The court ruled 6-3 in M.L.B. v. S.L.J. (No. 95-853) that a parent-child relationship involves protections of personal liberty under the 14th Amendment. The court overturned a ruling by the Mississippi Supreme Court that barred a mother who could not afford $2,000 in court costs from appealing a lower court decision that ended her parental rights and allowed her children to be adopted by the new wife of the children’s father.

“We place decrees forever terminating parental rights in the category of cases in which the state may not bolt the door to equal justice,” wrote Justice Ruth Bader Ginsburg in the majority opinion.

Related Tags:

Commenting has been disabled on edweek.org effective Sept. 8. Please visit our FAQ section for more details. To get in touch with us visit our contact page, follow us on social media, or submit a Letter to the Editor.


Events

This content is provided by our sponsor. It is not written by and does not necessarily reflect the views of Education Week's editorial staff.
Sponsor
Teaching Webinar
6 Key Trends in Teaching and Learning
As we enter the third school year affected by the pandemic—and a return to the classroom for many—we come better prepared, but questions remain. How will the last year impact teaching and learning this school
Content provided by Instructure
This content is provided by our sponsor. It is not written by and does not necessarily reflect the views of Education Week's editorial staff.
Sponsor
Equity & Diversity Webinar
Evaluating Equity to Drive District-Wide Action this School Year
Educational leaders are charged with ensuring all students receive equitable access to a high-quality education. Yet equity is more than an action. It is a lens through which we continuously review instructional practices and student
Content provided by BetterLesson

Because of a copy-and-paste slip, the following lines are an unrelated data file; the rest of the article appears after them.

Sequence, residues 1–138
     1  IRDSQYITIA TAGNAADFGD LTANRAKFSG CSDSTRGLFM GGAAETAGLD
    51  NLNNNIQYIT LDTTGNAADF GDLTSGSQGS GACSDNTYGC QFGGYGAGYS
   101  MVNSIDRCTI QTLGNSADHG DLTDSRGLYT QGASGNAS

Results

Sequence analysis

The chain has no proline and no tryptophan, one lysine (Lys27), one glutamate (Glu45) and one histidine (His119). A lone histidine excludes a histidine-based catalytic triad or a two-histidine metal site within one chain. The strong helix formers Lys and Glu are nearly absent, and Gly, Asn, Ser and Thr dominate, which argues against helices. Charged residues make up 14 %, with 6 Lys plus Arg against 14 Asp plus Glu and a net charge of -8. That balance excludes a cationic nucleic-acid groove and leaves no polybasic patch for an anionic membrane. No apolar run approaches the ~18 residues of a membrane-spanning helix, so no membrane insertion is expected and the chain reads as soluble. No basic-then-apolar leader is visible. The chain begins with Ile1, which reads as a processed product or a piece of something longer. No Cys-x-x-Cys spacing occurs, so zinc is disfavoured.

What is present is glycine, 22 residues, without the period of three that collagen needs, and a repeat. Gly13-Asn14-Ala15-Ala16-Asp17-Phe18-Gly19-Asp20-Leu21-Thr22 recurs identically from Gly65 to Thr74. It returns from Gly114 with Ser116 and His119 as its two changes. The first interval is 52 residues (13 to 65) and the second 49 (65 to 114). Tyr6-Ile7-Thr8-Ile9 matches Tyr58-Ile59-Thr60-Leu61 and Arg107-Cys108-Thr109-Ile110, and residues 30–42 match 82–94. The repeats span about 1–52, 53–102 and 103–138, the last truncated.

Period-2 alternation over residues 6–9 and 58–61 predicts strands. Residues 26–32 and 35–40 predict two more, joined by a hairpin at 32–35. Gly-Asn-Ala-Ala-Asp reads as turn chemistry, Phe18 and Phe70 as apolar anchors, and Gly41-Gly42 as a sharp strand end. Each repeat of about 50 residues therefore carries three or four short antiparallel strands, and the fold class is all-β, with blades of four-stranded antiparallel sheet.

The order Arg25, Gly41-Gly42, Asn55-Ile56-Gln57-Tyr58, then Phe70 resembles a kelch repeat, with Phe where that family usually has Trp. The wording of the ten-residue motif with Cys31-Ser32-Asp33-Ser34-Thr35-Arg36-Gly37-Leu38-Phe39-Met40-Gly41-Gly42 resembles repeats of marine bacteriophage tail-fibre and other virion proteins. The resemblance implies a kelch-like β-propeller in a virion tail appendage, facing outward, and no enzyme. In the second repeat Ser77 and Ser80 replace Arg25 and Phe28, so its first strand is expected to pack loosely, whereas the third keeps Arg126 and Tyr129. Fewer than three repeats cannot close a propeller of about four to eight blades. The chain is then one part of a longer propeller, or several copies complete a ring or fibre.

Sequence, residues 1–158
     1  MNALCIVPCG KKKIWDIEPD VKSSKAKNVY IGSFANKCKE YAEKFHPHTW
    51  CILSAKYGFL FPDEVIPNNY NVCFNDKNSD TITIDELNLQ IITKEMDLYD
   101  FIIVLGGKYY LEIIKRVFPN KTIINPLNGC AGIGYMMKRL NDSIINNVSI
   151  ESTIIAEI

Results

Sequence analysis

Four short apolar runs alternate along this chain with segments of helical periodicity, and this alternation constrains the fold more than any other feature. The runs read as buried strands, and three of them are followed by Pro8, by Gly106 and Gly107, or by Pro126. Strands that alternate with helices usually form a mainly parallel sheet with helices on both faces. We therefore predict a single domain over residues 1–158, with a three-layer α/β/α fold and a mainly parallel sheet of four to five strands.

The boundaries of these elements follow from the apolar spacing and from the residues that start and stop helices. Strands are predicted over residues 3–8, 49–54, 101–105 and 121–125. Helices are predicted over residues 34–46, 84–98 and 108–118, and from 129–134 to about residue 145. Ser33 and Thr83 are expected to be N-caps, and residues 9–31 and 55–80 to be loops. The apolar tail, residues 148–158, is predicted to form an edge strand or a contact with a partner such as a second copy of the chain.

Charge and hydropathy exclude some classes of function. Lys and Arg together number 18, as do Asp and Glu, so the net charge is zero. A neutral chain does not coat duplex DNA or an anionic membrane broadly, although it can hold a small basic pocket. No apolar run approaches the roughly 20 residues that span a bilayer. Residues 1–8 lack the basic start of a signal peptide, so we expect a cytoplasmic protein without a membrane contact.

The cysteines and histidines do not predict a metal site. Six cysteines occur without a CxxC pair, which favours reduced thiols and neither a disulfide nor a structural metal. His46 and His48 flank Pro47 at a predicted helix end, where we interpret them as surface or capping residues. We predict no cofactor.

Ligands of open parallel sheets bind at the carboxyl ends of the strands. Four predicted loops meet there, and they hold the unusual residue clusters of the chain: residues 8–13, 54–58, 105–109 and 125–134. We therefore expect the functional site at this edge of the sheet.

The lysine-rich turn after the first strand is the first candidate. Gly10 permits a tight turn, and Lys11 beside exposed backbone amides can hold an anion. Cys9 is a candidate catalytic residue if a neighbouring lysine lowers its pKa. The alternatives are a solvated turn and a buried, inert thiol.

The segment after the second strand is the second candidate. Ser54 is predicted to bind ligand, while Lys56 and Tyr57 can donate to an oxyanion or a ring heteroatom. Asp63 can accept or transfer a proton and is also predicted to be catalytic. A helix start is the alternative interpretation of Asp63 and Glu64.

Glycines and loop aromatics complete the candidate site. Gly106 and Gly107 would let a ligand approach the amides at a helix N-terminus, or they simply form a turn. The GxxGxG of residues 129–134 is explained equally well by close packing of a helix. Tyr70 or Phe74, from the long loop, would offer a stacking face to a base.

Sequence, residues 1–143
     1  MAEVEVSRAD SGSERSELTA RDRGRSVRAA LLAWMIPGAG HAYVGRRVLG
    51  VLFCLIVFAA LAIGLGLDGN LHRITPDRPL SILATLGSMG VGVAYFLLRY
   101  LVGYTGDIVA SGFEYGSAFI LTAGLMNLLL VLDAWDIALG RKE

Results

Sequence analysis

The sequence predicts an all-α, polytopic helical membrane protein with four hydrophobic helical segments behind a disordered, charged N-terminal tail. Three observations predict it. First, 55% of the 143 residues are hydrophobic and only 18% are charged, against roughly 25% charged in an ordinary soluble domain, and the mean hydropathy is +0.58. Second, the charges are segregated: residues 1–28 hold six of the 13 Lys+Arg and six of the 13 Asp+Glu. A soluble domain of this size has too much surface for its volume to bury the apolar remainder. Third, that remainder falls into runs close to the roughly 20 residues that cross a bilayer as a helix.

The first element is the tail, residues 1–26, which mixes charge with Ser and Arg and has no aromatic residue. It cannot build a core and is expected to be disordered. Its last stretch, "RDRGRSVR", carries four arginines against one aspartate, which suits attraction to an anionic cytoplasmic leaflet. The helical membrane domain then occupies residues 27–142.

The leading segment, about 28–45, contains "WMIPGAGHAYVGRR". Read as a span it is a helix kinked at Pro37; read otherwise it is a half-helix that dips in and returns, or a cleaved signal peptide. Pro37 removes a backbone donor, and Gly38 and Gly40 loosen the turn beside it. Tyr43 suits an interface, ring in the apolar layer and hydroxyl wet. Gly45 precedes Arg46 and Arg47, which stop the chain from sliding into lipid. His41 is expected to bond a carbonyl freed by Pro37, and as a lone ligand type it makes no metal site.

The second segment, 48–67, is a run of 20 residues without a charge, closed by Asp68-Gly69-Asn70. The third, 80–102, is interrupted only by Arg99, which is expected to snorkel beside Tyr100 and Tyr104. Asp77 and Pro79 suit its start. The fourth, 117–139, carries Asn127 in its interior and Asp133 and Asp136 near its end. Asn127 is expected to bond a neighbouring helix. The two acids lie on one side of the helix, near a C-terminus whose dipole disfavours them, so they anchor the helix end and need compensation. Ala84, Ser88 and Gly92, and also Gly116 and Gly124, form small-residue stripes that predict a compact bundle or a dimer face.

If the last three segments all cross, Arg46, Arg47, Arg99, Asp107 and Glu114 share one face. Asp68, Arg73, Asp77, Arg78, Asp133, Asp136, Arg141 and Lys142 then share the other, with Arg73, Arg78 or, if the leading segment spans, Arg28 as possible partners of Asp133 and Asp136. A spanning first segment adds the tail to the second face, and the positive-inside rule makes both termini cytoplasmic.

This content is provided by our sponsor. It is not written by and does not necessarily reflect the views of Education Week's editorial staff.
Sponsor
Student Well-Being Webinar
Attendance Awareness Month: The Research Behind Effective Interventions
More than a year has passed since American schools were abruptly closed to halt the spread of COVID-19. Many children have been out of regular school for most, or even all, of that time. Some
Content provided by AllHere

EdWeek Top School Jobs

Teacher Jobs
Search over ten thousand teaching jobs nationwide — elementary, middle, high school and more.
View Jobs
Principal Jobs
Find hundreds of jobs for principals, assistant principals, and other school leadership roles.
View Jobs
Administrator Jobs
Over a thousand district-level jobs: superintendents, directors, more.
View Jobs
Support Staff Jobs
Search thousands of jobs, from paraprofessionals to counselors and more.
View Jobs

Read Next

School Climate & Safety What the Research Says A Hallmark of School Shooters: Long History of Social Rejection
New research finds that shooters in K-12 schools are more often "failed joiners" than loners.
5 min read
Butler County Sheriff Deputies stand on the scene at Madison Local Schools, in Madison Township in Butler County, Ohio, after a school shooting on Feb. 29, 2016.
Sheriff deputies were on the scene of a shooting at Madison Local Schools, in Butler County, Ohio, in 2016.
Cara Owsley/The Cincinnati Enquirer via AP
School Climate & Safety 4 Myths About Suspensions That Could Hurt Students Long Term
New longitudinal research shows that longer in- and out-of-school suspensions have severe consequences for students.
5 min read
Image of a student sitting at a desk in a school hallway.
Jupiterimages/Getty
School Climate & Safety Photos The Tense and Joyous Start to the 2021 School Year, in Photos
Students are headed back to school with the threat of the Delta variant looming. How is this playing out across the country? Take a look.
School Climate & Safety Former NRA President Promotes Gun Rights at Fake Graduation Set Up by Parkland Parents
A former NRA president invited to give a commencement address to a school that doesn’t exist was set up to make a point about gun violence.
Lisa J. Huriash, South Florida Sun-Sentinel
2 min read
David Keene, chairman of the American Conservative Union, speaks during the CPAC meeting in Washington on Thursday, Feb. 10, 2010.
David Keene, the former president of the NRA, promoted gun rights in a speech he thought was a rehearsal for a commencement address to graduating students in Las Vegas. The invitation to give the speech was a set up by Parkland parents whose son was killed in the 2018 massacre at Marjory Stoneman Douglas High School.
Bill Clark/CQ Roll Call via AP